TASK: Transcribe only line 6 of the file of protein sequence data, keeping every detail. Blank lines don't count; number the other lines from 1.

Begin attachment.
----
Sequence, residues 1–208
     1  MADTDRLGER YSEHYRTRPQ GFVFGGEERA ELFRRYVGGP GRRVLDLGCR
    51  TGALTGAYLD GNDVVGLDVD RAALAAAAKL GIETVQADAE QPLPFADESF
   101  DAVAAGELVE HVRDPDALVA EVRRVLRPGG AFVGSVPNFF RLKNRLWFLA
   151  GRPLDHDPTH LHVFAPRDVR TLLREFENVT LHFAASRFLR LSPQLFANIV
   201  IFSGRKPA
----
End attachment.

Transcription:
   201  IFSGRKPA